The Loop Newspaper - Tehachapi's Online Community News & Entertainment Guide

By Roxane McCosh
contributing writer 

Local senior citizen soon to be evicted over unpaid property taxes

 

April 2, 2022

Photo provided

James Gillen sits next to the fireplace he built in the home he has loved for 23 years. The mortgage company foreclosed on his house due to an unpaid property tax bill and he will soon be evicted.

James "Jim" Gillen has been a fixture around Tehachapi for 23 years.

He grew up in Colorado Springs, then joined the Air Force for six years. While in the service, he fell in love with the beauty of California and moved to the South Bay. He met his first wife when they worked together at Fedco. After they were married, they had two children and Jim attended Long Beach State University, majoring in manufacturing and engineering aerospace. Later he got a job with Garrett Air Research (which later became Allie and is now Honeywell) where he worked for over 30 years.

Some of Jim's biggest achievements were being part of the first 13 moon shots where he developed the electric motor that drove the wheels on lunar rovers. He was also responsible for developing the cooling system for the space station. Later he was in charge of manufacturing military and civil air craft parts with over 200 employees in their offshore facility.

Jim and his second wife, Barbara, moved up to Tehachapi after retirement. They stayed active by giving weekend tours and fireside chats at Red Rock Canyon State Park. When Barbara passed away a few years ago, Jim lost his zest for living and became negligent in some of the bills. As many older citizens do, Jim had his bills put on autopay. However, the property taxes and water bills were not among them.

Jim had ample funds to cover the bills, yet the mortgage company didn't make any personal contact nor did they check his bank to verify funds. When the mortgage company was contacted for a response, it was always a different customer service person with a different response. All they have is copies of mailings but no confirmation of receipt. Instead of attempting to allow Jim to pay his bill by having funds withdrawn, they opted to pay the property taxes themselves and foreclosed on Jim's home.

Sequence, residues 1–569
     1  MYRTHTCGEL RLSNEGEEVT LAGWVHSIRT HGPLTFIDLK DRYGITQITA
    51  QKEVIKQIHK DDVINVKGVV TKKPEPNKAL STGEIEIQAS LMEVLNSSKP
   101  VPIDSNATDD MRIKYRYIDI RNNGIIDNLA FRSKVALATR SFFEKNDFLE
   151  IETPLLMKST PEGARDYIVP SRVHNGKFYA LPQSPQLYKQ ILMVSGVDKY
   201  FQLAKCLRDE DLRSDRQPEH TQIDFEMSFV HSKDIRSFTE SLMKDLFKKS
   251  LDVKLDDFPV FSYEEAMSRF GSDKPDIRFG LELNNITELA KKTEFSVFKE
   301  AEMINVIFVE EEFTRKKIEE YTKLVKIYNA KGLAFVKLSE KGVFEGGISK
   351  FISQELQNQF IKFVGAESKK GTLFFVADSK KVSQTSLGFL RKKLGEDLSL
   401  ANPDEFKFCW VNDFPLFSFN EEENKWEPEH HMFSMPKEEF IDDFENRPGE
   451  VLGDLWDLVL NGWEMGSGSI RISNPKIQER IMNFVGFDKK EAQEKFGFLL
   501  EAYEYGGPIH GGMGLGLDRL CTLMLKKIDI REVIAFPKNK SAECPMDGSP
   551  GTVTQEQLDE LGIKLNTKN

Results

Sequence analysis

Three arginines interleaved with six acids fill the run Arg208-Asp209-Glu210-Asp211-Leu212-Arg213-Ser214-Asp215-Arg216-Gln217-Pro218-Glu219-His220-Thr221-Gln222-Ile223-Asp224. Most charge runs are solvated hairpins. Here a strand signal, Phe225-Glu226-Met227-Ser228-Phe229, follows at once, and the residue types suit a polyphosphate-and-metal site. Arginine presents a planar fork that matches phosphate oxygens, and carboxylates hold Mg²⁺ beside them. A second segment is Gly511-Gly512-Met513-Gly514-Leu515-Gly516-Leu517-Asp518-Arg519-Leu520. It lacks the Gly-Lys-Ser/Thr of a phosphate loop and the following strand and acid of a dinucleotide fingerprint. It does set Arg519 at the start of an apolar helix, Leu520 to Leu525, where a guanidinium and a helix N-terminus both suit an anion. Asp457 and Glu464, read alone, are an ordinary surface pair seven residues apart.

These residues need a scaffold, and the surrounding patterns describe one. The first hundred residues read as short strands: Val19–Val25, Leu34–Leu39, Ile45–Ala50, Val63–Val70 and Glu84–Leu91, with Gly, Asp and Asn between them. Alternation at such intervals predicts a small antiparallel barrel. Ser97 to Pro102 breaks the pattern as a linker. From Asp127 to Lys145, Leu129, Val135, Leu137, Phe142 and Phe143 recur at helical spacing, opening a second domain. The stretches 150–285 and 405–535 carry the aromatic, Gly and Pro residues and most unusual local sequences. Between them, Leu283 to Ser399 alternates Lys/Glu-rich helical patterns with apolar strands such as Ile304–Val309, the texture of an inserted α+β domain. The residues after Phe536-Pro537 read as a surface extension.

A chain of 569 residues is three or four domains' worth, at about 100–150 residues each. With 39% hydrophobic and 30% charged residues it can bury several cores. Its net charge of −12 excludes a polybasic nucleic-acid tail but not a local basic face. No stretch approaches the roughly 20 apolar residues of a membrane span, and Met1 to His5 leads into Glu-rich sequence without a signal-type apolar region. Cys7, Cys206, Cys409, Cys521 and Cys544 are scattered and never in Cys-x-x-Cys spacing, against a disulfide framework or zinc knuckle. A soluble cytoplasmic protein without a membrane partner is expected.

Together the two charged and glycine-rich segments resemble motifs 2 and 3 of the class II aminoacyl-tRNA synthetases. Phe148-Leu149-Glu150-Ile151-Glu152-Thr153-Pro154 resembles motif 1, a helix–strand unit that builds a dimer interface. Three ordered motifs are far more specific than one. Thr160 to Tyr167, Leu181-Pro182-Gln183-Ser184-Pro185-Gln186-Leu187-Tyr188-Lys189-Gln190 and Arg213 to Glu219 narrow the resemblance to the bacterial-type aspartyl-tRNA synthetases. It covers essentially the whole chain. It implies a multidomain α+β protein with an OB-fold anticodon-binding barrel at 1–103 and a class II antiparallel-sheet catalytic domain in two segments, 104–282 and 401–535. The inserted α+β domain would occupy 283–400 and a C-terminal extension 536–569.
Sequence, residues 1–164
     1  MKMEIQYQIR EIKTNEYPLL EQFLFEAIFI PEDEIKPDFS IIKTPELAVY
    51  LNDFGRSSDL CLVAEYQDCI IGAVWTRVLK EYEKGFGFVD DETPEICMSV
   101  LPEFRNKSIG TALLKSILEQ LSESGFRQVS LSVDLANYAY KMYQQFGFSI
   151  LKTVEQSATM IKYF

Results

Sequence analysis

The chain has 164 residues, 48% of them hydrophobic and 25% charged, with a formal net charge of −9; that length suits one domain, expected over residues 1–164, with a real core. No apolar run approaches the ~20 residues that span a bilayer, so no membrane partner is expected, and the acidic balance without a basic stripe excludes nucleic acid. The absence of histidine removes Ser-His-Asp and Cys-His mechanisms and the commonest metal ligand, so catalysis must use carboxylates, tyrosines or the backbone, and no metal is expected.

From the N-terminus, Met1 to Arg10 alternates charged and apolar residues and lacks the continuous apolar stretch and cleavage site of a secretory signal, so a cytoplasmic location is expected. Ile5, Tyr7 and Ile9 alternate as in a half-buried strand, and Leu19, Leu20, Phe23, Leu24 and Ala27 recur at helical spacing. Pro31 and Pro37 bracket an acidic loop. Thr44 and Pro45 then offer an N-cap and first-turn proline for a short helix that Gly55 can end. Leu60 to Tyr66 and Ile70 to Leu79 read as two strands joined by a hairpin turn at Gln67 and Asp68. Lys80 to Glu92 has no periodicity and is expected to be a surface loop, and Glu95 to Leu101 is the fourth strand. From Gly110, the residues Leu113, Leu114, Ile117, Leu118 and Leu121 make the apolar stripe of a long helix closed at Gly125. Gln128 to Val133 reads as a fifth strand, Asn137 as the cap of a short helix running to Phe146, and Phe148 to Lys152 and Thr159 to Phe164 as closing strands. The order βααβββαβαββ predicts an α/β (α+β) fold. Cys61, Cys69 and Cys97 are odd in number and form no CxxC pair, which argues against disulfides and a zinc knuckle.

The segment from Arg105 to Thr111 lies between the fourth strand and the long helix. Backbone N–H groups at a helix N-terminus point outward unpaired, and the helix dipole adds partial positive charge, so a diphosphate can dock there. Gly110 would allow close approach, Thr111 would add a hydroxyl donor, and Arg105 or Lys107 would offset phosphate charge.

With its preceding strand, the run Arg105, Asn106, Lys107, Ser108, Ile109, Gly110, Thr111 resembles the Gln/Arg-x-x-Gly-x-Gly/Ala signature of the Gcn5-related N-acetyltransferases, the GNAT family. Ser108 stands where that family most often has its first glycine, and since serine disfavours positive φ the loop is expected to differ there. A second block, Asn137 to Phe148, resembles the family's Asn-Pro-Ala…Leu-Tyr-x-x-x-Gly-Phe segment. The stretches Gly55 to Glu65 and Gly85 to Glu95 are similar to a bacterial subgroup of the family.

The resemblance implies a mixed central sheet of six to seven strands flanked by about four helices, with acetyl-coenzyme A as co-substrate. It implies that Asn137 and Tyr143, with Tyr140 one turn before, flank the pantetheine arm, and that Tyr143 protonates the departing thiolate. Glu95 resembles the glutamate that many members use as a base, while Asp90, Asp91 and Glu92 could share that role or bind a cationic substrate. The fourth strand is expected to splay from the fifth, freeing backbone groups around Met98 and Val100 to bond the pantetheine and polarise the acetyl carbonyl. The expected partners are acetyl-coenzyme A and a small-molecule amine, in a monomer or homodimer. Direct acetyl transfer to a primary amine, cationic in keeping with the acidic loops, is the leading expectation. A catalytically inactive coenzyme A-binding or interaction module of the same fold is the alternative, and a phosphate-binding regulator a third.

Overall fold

Questions arise: Where is an advocate for seniors when they're in this situation? Why is the mortgage company only required to mail something instead of being required to make contact? Why couldn't they have the payments deducted from his accounts instead of resorting to the drastic act of foreclosure? Why wouldn't there be notifications made to family members in the event that the individual is incapacitated?

A reverse mortgage lender was asked about this situation and she forwarded a link to the http://www.aag.com website indicating the history of reverse mortgages. The rules governing tax and insurance payments to be set aside weren't established until 2015 (six years after Jim signed his reverse mortgage loan). These new steps were expected to protect consumers and alleviate borrowers who might fall into default from noncompliance.

Jim first found out about the delinquency from a real estate agent in Tehachapi, Roxane McCosh, who discovered it in a property search. She knocked on his door and they discussed the situation. She put him in touch with a foreclosure specialist who called the mortgage company. The representative said if they received the amount owed plus fees, "all proceedings would be halted." A GoFundMe page was established, funds were raised and ready to be disbursed, but ultimately, with a different customer service contact each time, the mortgage company would not accept the payment or reverse the sale.

Roxane reached out to the buyer of Jim's home, a property investment company, and told them Jim would be interested in staying in the home and renting at the market rate. The company owner said they are not in that kind of business; they are in the house-flipping business. They paid $230,000 at auction and have now filed an eviction lawsuit against Jim. The owner indicated they may consider selling it back to Jim if he agrees to pay a yet unidentified amount above the $230,000. That isn't an option for him right now.

At 84, Jim is unsure where he will go or what to do. He hopes the sale could be legally reversed or that someone would buy it from the property investment company and give him a life lease at the market rate. Otherwise, he may need to move in with a friend.

If you would like to help Jim, please reach out to our district representatives on his behalf: Senator Shannon Grove (shannongrove.net/contact), Congressman Kevin McCarthy (kevinmccarthy.house.gov/contact) and Assemblyman Vince Fong (ad34.asmrc.org – scroll down and click on "contact me"). Be sure to mention James Gillen by name and if applicable, choose "senior citizens" from the list of issues.

 
 

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